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How to manage a nosebleed

October 24, 2012

One of the more common reasons to visit a pediatric ENT is for nosebleeds, also known as epistaxis.  Nosebleeds are extremely common.  These can range in severity from a small amount of blood in the nasal mucus to bleeding like from a faucet.  In any case, particularly when it happens in your child, it can be very scary.

Nosebleeds can happen at any time.  One of the most common times is during sleep, where a child will wake up either in the morning, with blood on their pillow, or from sleep in the middle of the night with active bleeding from the nose.

The nose can bleed for many reasons.  The anatomy of the nose explains the ease with which the nose seems to bleed.  There is an extensive blood supply to the nose coming from all different directions.  The middle part of the nose, or nasal septum, which divides the left and right side of the nose, has blood supply coming from the back of the nose, bottom of the nose and top of the nose.  These all meet on the front part of the nasal septum in an area called Kisselbach’s plexus or Little’s area.  This network of vessels is under a very thin lining of mucosa.  A small disruption of that mucosa, from a sneeze, nose picking, or a simple bump of the nose, can result in an injury to those vessels and a nosebleed.

While children are notorious for picking their noses, there are many other reasons for this problem.  A simple cold, nasal trauma, allergies, or anything that causes congestion can result in engorgement of the vessels increasing their prominence and making them higher risk for injury.  While most nosebleeds come from the front part of the septum, there are other more serious causes of nosebleeds which need to be evaluated by your pediatric ear, nose and throat doctor.  Anytime a nosebleed is associated with headaches, changes in vision, double vision, weight loss, loss of smell, or pain, it raises a concern of something more significant occurring.  These symptoms should be brought to the attention of your doctor right away.

In general, nosebleeds from the front of the nose are controllable.  If the nose is actively bleeding, it is important to encourage your child, and for you, to remain calm.  This will help keep blood pressure low and help facilitate the bleeding vessel to clot.  Firmly apply pressure to the soft part of the nose with your thumb and index finger and hold that pressure for 1 minute, watching the clock, without letting go.  You should not apply pressure to the hard part of the nose or bridge of the nose as this wont give pressure to the area most likely bleeding.  Be sure to have your child’s head tilted slightly forward so that blood is not running down the back of the throat.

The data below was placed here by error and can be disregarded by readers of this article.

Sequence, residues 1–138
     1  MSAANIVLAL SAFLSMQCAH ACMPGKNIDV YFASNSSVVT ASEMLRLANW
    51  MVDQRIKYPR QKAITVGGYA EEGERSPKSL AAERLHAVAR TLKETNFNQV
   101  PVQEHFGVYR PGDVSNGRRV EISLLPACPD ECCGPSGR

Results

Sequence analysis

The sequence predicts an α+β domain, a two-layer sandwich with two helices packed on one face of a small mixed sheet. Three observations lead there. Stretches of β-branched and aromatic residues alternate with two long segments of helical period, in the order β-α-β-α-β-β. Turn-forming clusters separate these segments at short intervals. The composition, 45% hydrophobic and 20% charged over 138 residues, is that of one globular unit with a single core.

After 1 minute, you should let go, again, trying not to have your child get upset and see if the bleeding has stopped.  If it has, success, but if you have not, then it is safe to use oxymetazoline (brand name Afrin) 1-2 sprays on each side, then hold pressure for 2 minutes without letting go.  These maneuvers should stop the great majority of nosebleeds.  If this is unsuccessful, you should go to the emergency room or call your pediatric ear, nose and throat doctor.

Now that we have stopped the nosebleed, we should focus on prevention.  Encourage your child not to aggressively rub or pick their nose.  Sometimes this is not enough.  I like to have my children use a small amount of bacitracin ointment in each nostril each night before bed.  After applying a small amount to each nostril, gently squeeze the soft part of the nose together and wipe away the excess.  Body heat will melt the ointment, then, the natural function of the nose will transport that ointment back through the nose.  This provides both a low grade antibiotic effect as well as a moisturizing barrier effect to the mucosa of the nose.  This should be done only if your child does not have an allergy to bacitracin.  You should stop this after 2 weeks and be reevaluated.

Further workup should be done if this does not solve your problems.  Your child may require cauterization of the bleeding area in the nose, which can be done in the office.  Also, an in office endoscopy to look at the inside of the nose can provide additional information.  Sometimes, blood tests and imaging may need to be ordered.

If you are concerned about your child's nosebleed, contact your child's pediatrician or and ear, nose, and throat specialist for more information.

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